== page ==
A A | Email | Print | Share

Seventh Circuit Review

Volume 11, Issue 2 (Spring 2016)

Introduction (contains Table of Contents, Masthead, About the Seventh Circuit Review and Preface)

Bankruptcy Law

Tetzlaff: Has the "Undue Hardship" Test Become Undue?
Alexander J. Beehler
11 Seventh Circuit Rev. 116 (2016) [Full Article] [Audio Synopsis]

Abstract: As the wage-market remains stagnant, and student indebtedness continues to rise, many graduates struggle to balance their student loan debt. Generally, when a debtor files for bankruptcy, her student loan debt is not dischargeable. However, under 11 U.S.C. § 523(a)(8), debtors can discharge their student loans through bankruptcy if they can prove that maintaining those student loan debts would impose an "undue hardship" upon themselves. Unfortunately, Congress did not define what "undue hardship" meant when enacting the bankruptcy code. Courts have since been left to interpret the definition of "undue hardship," and many do so in different ways. [Read more...]

Civil Procedure

Is the Injury Real?: The Seventh Circuit Extends Article III Standing to Data Breach Victims
Emily P. Linehan
11 Seventh Circuit Rev. 146 (2016) [Full Article] [Audio Synopsis]

Abstract: Data breaches are becoming a more frequent and more troubling part of modern life. When customer or employee information is stolen en masse, lawsuits often follow. Courts have frequently dismissed such cases very early for want of Article III standing. For purposes of standing, courts are faced with the question of whether or not the fact of a breach is sufficient for plaintiffs to bring lawsuits against the credit card companies, employers, or stores that, as victims of a cyberattack, have compromised the information of hundreds or thousands. But the real victims are those whose personal information has been stolen. Therefore, the essential question is whether or not their harm is sufficient to allege the injury element of Article III standing. [Read more...]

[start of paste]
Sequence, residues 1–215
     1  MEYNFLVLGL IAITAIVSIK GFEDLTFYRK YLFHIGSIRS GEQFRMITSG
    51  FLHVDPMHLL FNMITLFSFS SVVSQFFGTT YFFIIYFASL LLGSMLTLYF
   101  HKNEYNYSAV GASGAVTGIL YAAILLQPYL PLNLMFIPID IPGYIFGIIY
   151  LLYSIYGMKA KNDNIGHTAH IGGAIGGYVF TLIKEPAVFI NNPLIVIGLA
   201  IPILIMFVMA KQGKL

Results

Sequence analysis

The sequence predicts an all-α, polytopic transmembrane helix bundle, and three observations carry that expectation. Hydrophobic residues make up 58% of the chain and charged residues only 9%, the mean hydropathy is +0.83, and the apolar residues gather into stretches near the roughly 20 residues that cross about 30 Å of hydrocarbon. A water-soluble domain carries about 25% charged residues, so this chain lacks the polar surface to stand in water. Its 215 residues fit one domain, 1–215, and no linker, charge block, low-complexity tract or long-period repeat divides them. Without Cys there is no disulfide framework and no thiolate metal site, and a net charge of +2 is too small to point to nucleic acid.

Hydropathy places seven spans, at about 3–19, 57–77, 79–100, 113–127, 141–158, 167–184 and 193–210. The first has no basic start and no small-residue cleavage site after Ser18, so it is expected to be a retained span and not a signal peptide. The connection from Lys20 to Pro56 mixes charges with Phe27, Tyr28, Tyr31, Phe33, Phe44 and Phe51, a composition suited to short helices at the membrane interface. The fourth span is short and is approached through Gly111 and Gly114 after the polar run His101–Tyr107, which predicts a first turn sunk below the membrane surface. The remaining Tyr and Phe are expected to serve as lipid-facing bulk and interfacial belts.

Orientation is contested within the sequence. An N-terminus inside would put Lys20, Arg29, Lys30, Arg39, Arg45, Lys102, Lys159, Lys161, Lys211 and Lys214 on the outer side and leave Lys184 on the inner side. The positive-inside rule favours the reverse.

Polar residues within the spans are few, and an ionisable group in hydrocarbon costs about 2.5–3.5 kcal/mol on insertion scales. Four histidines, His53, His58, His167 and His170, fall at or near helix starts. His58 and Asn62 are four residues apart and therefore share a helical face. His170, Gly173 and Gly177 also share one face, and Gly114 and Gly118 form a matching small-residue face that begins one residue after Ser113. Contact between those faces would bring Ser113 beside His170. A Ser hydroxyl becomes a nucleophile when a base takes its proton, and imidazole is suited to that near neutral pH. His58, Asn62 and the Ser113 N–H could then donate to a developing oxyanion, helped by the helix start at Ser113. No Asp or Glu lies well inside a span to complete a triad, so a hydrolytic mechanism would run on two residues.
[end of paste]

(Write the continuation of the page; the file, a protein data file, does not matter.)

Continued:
Remittitur in Civil Rights Cases: Where the Seventh Circuit Went Wrong in Adams v. City of Chicago
Kelsey N. Weyhing
11 Seventh Circuit Rev. 174 (2016) [Full Article] [Audio Synopsis]

Abstract: This nation is currently engaged in vigorous discussion about how to address brutality and targeting of minorities committed by law enforcement. In some cases, even where liability is admitted as to racially targeted policing, a court may significantly reduce the amount of damages awarded by a jury to victims of police brutality through use of a procedure call “remittitur.” Remittitur occurs when a trial judge determines that a jury award is excessive, and offers the plaintiff the option of accepting a reduction in the jury verdict or proceeding to a new trial. Although the Seventh Amendment provides that “no fact tried by a jury, shall be otherwise reexamined in any court of the United States,” courts have insisted that remittitur results only where a jury verdict is excessive as a matter of law. [Read more...]

Class Action Law

Impunity for Snake Oil Merchants?: The Seventh Circuit Upholds the Class Action as a Vehicle for Consumer Protection
Stephen Pigozzi
11 Seventh Circuit Rev. 198 (2016) [Full Article] [Audio Synopsis]

Abstract: The class action is often the only way for victims of consumer fraud to pursue a remedy. Several federal circuit courts have recently adopted the heightened ascertainability requirement—a requirement that makes certifying a consumer class almost impossible. A plaintiff can only meet the heightened ascertainability requirement by showing that members of her proposed class can be identified in a reliable and administratively feasible way. This typically requires documentary proof of class membership. For classes made up of purchasers of deceptive low-cost products who have not kept their receipts, heightened ascertainability has served as an insurmountable barrier to certification. [Read more...]

Criminal Procedure

Deference to the Lower Court: How the Seventh Circuit Improperly Granted Habeas Corpus Relief in Jensen v. Clements
David J. Welch
11 Seventh Circuit Rev. 231 (2016) [Full Article]